Recently I’ve found that, when it comes to data center opportunities, there are often gaps in what is quoted versus what customers actually require. For that reason, I have written a series of blog posts to help simplify the qualification process for data center deals and help procurement specialists get the best deal possible when purchasing data center.
In this installment, let’s discuss what questions you should have answered before approaching a vendor(s) for colocation:
- How much space do you need?
- This could be presented as RU (Rack Units), or as cabinets or cages. “Cabinets” and “Racks” are interchangeable terms and are standardly 42 or 48U, with variations available. Cages are enclosures built around a set of cabinets/racks.
- How much power do you need?
- Power in the data center is measured in kilowatts (kW), or 1000 Watts. There are a couple of ways to calculate this, whether it is based on current measurable load, or for new gear, they all list their max wattage output. Keep in mind that most hardware does not run at max wattage consistently. Your vendor can help you further assess this.
- What bandwidth speed do you require?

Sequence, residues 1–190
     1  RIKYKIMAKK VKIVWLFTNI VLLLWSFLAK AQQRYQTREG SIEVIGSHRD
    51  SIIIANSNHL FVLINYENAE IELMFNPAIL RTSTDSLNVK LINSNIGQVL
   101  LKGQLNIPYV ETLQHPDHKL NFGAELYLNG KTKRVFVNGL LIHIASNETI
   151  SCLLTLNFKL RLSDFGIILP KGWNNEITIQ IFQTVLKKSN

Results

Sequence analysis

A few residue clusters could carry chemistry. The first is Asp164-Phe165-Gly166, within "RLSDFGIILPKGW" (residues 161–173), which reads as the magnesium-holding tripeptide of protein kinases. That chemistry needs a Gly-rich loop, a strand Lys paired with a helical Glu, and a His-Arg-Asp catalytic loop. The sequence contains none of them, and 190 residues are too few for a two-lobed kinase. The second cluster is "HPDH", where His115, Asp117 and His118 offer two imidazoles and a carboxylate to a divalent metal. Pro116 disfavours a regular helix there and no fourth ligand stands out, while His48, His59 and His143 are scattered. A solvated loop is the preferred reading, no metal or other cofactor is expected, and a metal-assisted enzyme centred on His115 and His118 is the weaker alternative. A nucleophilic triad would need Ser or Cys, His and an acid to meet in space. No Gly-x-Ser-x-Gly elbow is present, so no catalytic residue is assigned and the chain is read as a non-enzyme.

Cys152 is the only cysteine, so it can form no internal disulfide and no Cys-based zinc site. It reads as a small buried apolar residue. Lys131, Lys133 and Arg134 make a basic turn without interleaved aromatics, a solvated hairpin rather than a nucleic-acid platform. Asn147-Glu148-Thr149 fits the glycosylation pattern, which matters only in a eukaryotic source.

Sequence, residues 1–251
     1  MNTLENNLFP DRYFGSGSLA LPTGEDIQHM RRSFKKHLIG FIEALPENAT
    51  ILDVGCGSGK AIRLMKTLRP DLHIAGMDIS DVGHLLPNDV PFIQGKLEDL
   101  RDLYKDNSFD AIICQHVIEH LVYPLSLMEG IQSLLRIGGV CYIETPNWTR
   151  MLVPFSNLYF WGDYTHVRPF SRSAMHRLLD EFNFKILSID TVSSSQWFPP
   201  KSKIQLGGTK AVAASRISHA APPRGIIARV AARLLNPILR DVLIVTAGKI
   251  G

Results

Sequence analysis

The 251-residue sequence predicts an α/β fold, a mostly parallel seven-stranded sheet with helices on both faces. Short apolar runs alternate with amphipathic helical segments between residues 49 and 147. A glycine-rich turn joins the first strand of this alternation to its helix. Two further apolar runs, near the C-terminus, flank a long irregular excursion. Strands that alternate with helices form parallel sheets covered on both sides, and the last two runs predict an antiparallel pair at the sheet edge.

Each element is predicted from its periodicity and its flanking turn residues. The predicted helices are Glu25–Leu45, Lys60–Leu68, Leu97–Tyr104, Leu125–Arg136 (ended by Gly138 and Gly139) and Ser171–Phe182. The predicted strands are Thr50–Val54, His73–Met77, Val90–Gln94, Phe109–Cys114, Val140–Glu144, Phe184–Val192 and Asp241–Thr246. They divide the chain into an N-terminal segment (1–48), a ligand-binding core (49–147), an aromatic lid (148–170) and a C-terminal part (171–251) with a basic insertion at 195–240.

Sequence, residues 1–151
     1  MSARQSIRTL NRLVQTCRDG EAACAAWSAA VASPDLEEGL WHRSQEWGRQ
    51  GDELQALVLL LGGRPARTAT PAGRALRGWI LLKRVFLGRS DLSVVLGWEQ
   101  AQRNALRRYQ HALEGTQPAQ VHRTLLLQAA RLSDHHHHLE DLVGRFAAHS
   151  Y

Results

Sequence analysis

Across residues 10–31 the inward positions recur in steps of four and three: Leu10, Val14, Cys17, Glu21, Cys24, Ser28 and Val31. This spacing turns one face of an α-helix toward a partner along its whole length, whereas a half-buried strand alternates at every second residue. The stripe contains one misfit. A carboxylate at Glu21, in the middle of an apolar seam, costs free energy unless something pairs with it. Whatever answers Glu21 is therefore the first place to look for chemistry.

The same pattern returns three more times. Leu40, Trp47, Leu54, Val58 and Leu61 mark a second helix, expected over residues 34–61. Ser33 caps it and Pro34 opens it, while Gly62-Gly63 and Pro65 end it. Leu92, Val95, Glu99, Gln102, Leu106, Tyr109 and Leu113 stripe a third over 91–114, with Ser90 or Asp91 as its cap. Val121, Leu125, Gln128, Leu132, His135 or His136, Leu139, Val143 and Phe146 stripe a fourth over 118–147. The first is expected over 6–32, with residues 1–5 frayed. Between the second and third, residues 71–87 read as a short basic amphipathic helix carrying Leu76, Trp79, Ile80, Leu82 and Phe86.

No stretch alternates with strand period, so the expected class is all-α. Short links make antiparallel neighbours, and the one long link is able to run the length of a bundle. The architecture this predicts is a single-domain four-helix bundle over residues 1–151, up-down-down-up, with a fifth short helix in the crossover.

- Speed is the important piece here, not amount of data transferred. This is measured in either mbps, or gbps. One can typically measure current usage if there is a current environment. If that is not the case, one thing I always suggest is start low, and grow. Most bandwidth solutions within data centers are burstable, meaning you can exceed your committed limit from time to time, and can be measured and increased as needed
- Are there any compliance requirements?
- Most data centers have some level of compliance, but what does your business need? Some examples are HIPAA for healthcare, FISMA for government work, and PCI-DSS for financial services companies. Different industries require different compliances, but this can help to narrow down your data center search
- Do you currently or do you plan to connect to a public cloud?
- This matters if you will need access to Direct Connect into AWS or Express Route into Azure. These can help to connect data center environments to public clouds and reduce overall data transfer costs. Even if you don’t have public cloud today, it may be valuable to have the option available in the data center you select for the future.
- How long do you plan to reside in the facility?
- The average data center customer stays in a chosen facility for 7-9 years. If you know you don’t plan to move in the shorter term, you can typically negotiate a better cost on longer term leases.
Once you, or your customer, can answer those key questions when planning for a data center move, you will be positioned to get the best possible solution for your needs. If you would like to discuss your next data center opportunity or have any questions, please feel free to contact Data Canopy at email@example.com.
Additional information on questions to ask before you proceed in your colocation journey can be find in the video below: